Inselspital at Bern University Hospital uses Bayer’s radiological AI platform

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Inselspital at Bern University Hospital uses Bayer's radiological AI platform

Source – Bayer

Bayer’s collection of digital X-ray, MRI, and CT imaging instruments powered by artificial intelligence will be used by a top teaching hospital in Switzerland.

One of the first to sign up for a subscription to Bayer’s cloud-hosted Calantic Digital Solutions platform in its radiology division is Inselspital at Bern University Hospital. It will also collaborate with the German team on real-world evidence (RWE) studies to demonstrate the advantages of using AI at scale in clinical settings.

With the use of Calantic’s technologies, radiologists may more efficiently identify and rank patients for treatment according to priority and detect and quantify disease lesions in medical pictures.

Additionally, it has a curated, vendor-neutral marketplace where radiologists may choose among applications that do additional activities including automating repetitive measures and chores, enhancing productivity in radiology suites, and freeing up time for other duties.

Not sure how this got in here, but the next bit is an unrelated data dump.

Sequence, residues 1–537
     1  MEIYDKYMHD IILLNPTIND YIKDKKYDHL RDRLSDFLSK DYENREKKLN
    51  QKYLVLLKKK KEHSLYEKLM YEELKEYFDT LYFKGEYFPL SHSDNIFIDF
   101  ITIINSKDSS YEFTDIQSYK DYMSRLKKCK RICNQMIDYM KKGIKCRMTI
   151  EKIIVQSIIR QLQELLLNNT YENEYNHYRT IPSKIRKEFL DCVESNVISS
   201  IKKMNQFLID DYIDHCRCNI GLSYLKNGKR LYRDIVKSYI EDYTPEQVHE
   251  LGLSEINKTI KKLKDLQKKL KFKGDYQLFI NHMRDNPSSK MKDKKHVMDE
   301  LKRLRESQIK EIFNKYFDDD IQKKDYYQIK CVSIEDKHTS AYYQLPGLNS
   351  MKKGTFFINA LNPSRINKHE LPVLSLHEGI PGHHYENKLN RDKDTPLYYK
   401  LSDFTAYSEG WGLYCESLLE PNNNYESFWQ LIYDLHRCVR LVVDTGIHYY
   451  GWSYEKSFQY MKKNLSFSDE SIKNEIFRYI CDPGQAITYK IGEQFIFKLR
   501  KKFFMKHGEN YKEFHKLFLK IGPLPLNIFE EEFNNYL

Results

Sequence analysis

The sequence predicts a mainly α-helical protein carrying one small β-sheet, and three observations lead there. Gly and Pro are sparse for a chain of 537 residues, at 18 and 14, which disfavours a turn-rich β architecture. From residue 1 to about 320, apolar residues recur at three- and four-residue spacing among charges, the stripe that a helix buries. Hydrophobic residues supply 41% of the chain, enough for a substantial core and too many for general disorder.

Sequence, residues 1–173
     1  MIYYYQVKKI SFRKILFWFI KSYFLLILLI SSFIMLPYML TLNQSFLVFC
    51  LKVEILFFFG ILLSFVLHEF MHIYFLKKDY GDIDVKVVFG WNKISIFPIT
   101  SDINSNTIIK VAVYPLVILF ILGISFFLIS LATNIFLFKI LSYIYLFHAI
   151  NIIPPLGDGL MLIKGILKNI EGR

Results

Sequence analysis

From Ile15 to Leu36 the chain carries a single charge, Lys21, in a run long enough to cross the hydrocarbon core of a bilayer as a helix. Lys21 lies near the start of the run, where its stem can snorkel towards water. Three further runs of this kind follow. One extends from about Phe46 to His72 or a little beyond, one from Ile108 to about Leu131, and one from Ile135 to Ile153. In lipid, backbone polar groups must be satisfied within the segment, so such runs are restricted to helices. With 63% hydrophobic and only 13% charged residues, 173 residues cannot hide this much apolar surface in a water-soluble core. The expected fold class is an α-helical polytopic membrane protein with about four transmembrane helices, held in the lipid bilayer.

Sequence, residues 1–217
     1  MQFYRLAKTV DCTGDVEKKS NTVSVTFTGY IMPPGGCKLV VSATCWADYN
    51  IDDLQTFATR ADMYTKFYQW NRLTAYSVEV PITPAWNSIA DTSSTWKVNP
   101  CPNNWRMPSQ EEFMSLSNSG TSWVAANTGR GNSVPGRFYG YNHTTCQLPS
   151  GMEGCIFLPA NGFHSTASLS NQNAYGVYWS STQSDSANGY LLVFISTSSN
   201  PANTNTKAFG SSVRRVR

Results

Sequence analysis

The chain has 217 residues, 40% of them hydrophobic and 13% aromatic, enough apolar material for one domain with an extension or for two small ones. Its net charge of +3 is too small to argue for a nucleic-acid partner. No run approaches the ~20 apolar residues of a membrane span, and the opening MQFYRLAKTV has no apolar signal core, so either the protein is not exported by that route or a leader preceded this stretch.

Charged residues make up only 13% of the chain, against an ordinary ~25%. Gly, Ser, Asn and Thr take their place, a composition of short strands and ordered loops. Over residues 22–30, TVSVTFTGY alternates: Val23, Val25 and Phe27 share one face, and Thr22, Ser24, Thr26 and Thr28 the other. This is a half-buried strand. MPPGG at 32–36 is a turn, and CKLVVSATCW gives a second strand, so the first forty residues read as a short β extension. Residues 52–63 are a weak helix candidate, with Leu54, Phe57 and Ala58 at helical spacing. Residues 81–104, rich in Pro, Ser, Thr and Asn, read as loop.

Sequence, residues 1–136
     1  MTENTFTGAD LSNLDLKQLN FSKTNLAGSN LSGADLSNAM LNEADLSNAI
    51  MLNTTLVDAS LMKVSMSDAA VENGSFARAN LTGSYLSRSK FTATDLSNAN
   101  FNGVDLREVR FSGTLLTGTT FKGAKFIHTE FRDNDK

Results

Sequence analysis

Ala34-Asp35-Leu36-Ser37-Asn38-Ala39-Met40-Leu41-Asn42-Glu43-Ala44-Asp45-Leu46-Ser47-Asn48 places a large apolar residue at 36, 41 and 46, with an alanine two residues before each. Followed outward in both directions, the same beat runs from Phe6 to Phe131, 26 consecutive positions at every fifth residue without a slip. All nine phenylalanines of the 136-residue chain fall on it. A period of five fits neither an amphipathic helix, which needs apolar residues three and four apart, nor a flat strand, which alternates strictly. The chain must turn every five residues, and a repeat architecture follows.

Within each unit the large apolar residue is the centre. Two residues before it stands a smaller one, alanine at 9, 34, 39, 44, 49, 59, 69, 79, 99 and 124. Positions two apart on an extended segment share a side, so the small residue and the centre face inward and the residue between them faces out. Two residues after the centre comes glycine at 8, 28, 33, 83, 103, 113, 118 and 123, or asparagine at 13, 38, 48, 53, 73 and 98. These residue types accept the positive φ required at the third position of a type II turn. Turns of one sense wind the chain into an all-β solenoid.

Additionally, according to Bayer, it will offer Inselspital Bern services for the platform’s installation and configuration, as well as staff training. Within a few months, it should be operational at the hospital’s Institute for Diagnostic and Interventional Neuroradiology.

When Calantic first launched last year, it offered apps for thoracic and neurological conditions such the identification of lung nodules, possible intracerebral hemorrhages (ICH), and large vascular occlusions (LVO), which may lead to stroke. Since then, applications for prostate and breast cancer have been introduced.

In order to expand the platform’s functionality, Bayer has worked with an increasing number of digital health businesses, including Avicenna, Icometrix, Nanox.AI, Riverain Technologies, and Vida.

“As AI is making its way into radiology, we are looking forward to joining forces with renowned experts such as Inselspital Bern to drive its adoption in clinical practice. Building on deep medical expertise across a multitude of diagnostic and therapeutic areas at Bayer, AI will continue to be a significant focus for us to help transform patient care.

Gerd Krueger, head of Bayer’s radiology division

Medical imaging is a key component of illness diagnosis, especially for cancer, but increasing demand and a scarcity of radiologists, which is made worse by burnout, are straining healthcare systems globally.

A 2018 research found that there are 40 million imaging-related errors worldwide each year, demonstrating that this pressure might result in diagnostic mistakes.

According to data from Signify Research, the market for AI in medical imaging was estimated by Bayer to be around $400 million in 2021 and be about $1.4 billion in 2026.

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